Since the pills are no longer available, it is impossible to determine whether the Chichester’s English pills actually contained pennyroyal or were simply branded as such. In the late nineteenth century, branded medicine was on the rise. Chichester’s English started to sell Pennyroyal Pills for profit. Women no longer received the herb from women in the neighborhood who knew what they were doing. Instead they bought the pills for only $2 in a drugstore. Chichester’s English also advertised heavily in local newspapers and with posters. They also mailed pills to women via post. The herb moved from the community sphere to the public economic domain.
Knowledge about herbal medicine used to be passed on from generation to generation. Especially information about contraception and abortion since this was not yet part of recognized medical spaces, such as hospitals. Nowhere on the Pennyroll Pill box is an explicit explanation of what the pill is supposed to do, so Chichester’s English relies on previous information already known to women. Kate McDonald explains that this information is “to be understood by those who knew what to look for, but without attracting legal attention.” The most explicit mention on the poster is “restore and regulate menstrual function”, which still remains vague, although it is an obvious hint to its function to end pregnancies and start the menstrual cycle again.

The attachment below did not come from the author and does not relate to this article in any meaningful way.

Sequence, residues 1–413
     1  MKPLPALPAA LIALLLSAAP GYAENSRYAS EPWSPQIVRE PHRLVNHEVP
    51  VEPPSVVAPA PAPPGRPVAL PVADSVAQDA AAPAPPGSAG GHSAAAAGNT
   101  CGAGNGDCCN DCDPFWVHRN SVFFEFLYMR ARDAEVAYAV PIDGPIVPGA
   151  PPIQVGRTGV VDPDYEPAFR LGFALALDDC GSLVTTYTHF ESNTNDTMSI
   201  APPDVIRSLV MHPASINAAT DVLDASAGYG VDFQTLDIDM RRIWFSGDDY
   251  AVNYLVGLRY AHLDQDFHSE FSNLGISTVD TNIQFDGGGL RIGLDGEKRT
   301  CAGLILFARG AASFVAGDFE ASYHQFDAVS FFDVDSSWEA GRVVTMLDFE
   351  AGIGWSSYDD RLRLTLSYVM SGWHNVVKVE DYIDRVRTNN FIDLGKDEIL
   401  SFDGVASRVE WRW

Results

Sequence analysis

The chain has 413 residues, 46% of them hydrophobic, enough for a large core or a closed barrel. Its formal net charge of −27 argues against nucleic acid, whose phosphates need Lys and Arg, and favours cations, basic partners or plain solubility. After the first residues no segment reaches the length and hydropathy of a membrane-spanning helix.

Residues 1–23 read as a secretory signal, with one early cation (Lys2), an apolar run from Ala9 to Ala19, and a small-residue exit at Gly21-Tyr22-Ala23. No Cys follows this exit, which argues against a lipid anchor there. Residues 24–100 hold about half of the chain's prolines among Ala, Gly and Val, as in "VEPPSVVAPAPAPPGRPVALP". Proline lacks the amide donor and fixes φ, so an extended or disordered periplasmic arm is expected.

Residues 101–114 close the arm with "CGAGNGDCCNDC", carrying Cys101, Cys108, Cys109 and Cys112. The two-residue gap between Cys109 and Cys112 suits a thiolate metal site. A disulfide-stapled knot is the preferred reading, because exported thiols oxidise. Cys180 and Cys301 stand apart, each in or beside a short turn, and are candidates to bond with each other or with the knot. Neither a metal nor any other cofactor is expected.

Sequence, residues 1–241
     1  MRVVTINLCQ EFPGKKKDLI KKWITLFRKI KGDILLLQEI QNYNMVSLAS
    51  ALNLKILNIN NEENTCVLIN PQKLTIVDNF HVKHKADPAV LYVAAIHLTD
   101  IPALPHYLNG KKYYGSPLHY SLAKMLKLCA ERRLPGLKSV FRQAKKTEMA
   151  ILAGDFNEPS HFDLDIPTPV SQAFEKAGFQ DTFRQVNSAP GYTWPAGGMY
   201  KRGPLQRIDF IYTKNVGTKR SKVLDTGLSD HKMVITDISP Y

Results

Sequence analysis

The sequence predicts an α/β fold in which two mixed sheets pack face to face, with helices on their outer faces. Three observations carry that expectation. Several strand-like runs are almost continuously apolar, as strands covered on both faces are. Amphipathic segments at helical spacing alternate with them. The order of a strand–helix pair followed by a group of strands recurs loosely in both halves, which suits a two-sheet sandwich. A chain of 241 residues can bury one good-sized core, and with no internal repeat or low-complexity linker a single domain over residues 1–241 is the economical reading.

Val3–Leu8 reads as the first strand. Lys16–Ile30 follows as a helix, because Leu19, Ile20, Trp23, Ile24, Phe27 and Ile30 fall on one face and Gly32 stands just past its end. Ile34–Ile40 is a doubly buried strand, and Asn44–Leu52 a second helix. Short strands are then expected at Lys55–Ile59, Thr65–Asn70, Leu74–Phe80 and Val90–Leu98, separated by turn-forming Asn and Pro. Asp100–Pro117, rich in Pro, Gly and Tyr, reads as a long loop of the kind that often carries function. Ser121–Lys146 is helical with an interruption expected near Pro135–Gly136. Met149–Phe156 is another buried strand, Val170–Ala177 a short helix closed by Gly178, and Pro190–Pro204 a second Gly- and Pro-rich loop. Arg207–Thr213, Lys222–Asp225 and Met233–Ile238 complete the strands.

On June 24th, 2022, the right to abortion was overturned in the U.S.A.. Our society looks very different now, more than a 100 years after the popularity of pills with pennyroyal. In 2022, we also use social media to gather information. Even before June 24th, young women started to share information on TikTok about herbal abortions, including the use of pennyroyal. Mary Jane Minkin, MD, a gynecologist and clinical professor at the Yale University School of Medicine says “I’m horrified. They’re going to kill people. Forty-nine years ago, that’s how women died.” Claudia tells me that “the fact that these poisonous and therefore dangerous substances are spreading again today is more than worrying. However, it shows the desperation of these women to end an unwanted pregnancy despite strict prohibitions”.
I’m horrified. They’re going to kill people. Forty-nine years ago, that’s how women died.Mary Jane Minkin, gynecologist and clinical professor.
Women have always shared information about contraception and abortion with each other, historically within communities and currently also on social media. Sharing has become easier with social media, but medical professionals express a fear for misinformation. Claudia mentions that “another problem is that today’s possibilities of social media make it possible for this half-knowledge, which is sometimes dangerous, to spread quickly.” Luckily, there are also other TikTok users who respond to the recommendations of pennyroyal by explaining how dangerous it can be. While women’s bodies continue to be policed, it is vital to share knowledge. However, it is equally important to promote safe options for abortion.
Many thanks to Claudia Grammer and Diana Riegler from the Museum of Contraception and Abortion, Vienna for their collaboration!